skip to main | skip to sidebar
Home » , » What is meant by the comedy of humours? Discuss the play, Volpone, as a comedy of humours?
Jonson wrote many of his plays according to a prescription which has earned them the label "comedy of humours". The humours of which a man's body was supposedly compounded, according to their relative predominance, determined his disposition----choleric, melancholic, phlegmatic, or sanguine. Jonson applied the term " humour " metaphorically to what is nowadays called a man's "obsession" or his "complex", and he explained his theory in the Prologue to his Every Man Out of His Humour :

       As when some one peculiar quality doth so possess a man, that it doth draw All his effects, his spirits, and his powers,In their confluctions, all to run one way,This may be truly said to be a humour.

Accordingly, Jonson endows each of his characters with some particular whim or affectation, some ludicrous exaggeration of manner, speech, or dress; and he emphasizes this single oddity so-much that a character's other characteristics  are lost sight of. Thus in Every Man in His Humour, there is the boastful soldier, he clever servant, the greedy and jealous husband, the gay young man, and the dupes. Every Man Out of His Humour has a vainglorious knight, a public jester, an affected courtier, a doting husband, and others. In this play the various characters are ultimately forced out of their affectations through the agency of Macilente who also is cured of his besetting envy.

In Volpone the comedy of humours receives a new dimension. Here Jonson depicts, not individual whims or oddities, but a master-passion, the passion of greed, as it affects a whole social group. The play opens with a hymn to gold which is regarded by Volpone as a "saint" or a "deity". The love of gold pervades the whole play. Not only Volpone, but Mosca and all the legacy-hunters are deeply and passionately in love with money, property, gold. The play shows the extremes of a blatant and savagely selfish materialism. The very names are significant : Volpone; Mosca Voltore ; Corbaccio Corvino. These persons not only partake of the classical tradition of stock characters but constitute the comedy of humours. The raven, the crow, and the vulture differ in circumstances but not in their master passion. The infirm and enfeebled Corbaccio clings to his worldly love of property, and is willing to risk or sacrifice his son's rights in order to feed his precarious life with futile new possessions. Corvino, who was previously an obsessively jealous husband, gets not only ready but eager to prostitute his wife in order to acquire an inheritance. Volpone, with the same aim, degrades his lawyer's profession by his ardent defence of his own and his client's crimes, demanding that the innocent should be punished in their place. When, in the last Act, Voltore makes an attempt to reveal the truth, Corvino cries : "The devil has entered him." Family, marriage, law are not just disregarded; they are made the very instruments of destructive greed.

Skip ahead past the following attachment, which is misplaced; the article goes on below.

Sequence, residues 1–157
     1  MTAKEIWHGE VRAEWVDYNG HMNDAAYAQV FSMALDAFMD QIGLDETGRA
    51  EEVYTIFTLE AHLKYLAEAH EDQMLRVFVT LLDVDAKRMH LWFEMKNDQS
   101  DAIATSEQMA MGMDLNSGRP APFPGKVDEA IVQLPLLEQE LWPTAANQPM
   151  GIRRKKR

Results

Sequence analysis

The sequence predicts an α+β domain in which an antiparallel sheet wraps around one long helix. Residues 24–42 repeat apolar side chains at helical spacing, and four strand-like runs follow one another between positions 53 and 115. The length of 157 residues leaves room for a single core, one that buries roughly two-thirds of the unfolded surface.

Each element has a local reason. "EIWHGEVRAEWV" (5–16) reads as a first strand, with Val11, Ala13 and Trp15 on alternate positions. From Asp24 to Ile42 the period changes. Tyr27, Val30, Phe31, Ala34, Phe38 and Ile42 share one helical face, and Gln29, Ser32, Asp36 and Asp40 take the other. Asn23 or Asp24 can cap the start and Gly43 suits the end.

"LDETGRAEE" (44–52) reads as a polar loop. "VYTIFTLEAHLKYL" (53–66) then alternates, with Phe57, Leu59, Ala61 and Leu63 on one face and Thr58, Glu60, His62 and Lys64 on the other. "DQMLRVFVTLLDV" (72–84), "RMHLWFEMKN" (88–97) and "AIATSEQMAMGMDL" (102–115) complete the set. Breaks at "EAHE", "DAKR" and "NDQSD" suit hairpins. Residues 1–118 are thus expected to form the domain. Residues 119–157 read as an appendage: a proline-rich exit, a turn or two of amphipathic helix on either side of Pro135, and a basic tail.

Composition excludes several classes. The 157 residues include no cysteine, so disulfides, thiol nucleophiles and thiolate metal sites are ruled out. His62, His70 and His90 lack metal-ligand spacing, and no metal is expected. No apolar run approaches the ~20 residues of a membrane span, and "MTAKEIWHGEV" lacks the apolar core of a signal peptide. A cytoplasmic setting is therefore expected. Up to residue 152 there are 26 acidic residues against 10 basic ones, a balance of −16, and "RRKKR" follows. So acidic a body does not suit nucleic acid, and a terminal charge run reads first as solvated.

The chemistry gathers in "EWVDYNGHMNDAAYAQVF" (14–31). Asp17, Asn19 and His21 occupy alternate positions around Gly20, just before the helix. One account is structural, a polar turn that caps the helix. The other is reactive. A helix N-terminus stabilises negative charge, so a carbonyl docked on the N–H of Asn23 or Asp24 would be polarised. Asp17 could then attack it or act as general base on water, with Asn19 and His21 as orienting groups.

Volpone as a comedy of humours

In order to add to his hoarded wealth, Volpone feigns sickness and en-courages each of the legacy-hunters to believe himself to be the sole heir to Volpone's estate. He looks upon gold as something that transcends all relationships--children, parents, friends. Gold is in his eyes virtue, fame, honour, and all things else. Mosca echoes his master's thoughts and is himself prepared to practise any kind of roguery, knavery, or fraud in order to enrich himself. Celia's beauty can find no greater praise in Mosca's mouth than to be described as bright like gold, and lovely like gold. In his wooing of Celia, the chief temptation that Volpone holds out of her is pearls, diamonds, gems etc.

This love of gold, then, is common to all the principal characters---the two villains and the three dupes. This is the dominant humour common to these various characters. As a comedy of humours. Volpone is different from Every Man in his Humour and Every Man Out of His Humour in so far as Volpone depicts one "humour" while the other two plays depict several "humours".

But Volpone is different in another, and deeper, sense too. The two villains apart from being dominated by their avarice, reveal certain other trains which are no less powerful and which lend complexity to their characters. Volpone, and Mosca are not governed by a single obsession, to the exclusion of every other passion. There are other aspects of their personalities, too, and it is this which distinguishes Volpone from a typical comedy of humours.

Mosca is no mere automation in a scheme of humours. Nor can Volpone be classified as such. Both of them, while being fascinated by gold, transcend mere miserliness. They look upon gold not as something to be possessed for its own sake, but rather as an instrument used to purchase other delights, or as a symbol of their genius. Volpone says that he rejoices " more in the cunning purchase of wealth than in the glad possession ". He believes that a man should " live free to all delights " which fortune invites him to.